On a recent evening at the Guggenheim Museum, I was crouched in a dark corner, sniffing like a truffle hog. With my eyes closed to maximize nasal cognition, I was inhaling so deeply that I was sure those around me could hear the air rush through my nostrils. The museum doesn’t typically have a strong scent, but there was a legitimate reason for my behavior. A foreign aroma currently wafts through one of its galleries, concocted from the least expected sources: carpenter ants and sweat samples from Asian American women.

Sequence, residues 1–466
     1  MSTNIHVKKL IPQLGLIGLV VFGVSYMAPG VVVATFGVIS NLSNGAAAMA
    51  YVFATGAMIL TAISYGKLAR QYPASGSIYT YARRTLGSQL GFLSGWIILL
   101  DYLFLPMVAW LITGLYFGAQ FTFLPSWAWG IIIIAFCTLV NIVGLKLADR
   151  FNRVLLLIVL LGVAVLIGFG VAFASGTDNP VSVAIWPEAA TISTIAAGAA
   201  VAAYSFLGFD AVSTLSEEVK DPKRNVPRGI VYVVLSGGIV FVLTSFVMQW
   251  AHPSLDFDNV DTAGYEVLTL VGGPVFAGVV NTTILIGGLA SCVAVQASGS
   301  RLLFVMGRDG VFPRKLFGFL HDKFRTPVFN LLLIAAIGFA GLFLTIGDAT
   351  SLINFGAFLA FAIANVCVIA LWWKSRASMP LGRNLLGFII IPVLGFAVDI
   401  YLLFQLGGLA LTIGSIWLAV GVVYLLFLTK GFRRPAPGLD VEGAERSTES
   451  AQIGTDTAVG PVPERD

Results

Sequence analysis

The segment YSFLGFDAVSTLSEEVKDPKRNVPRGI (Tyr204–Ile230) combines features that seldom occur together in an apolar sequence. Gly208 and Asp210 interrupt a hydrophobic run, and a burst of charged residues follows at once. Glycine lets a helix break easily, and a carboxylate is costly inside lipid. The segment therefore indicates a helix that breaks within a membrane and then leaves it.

Its creator is Anicka Yi, who worked closely with a professional nez to produce the curious composition for her solo show Life Is Cheap, the result of her winning the Hugo Boss Prize in 2016. Organized by Guggenheim curators Katherine Brinson and Susan Thompson, the show consists of just three installations: a group of canisters diffusing the fragrance and two enclosed dioramas that showcase very different types of colonies. One contains real ants — 10,000 crawling black dots — and the other, blooming strains of bacteria, originally swabbed from surfaces in Manhattan’s Chinatown and Koreatown. To establish these living installations, Yi also enlisted the help of three PhD students in biology at Columbia University.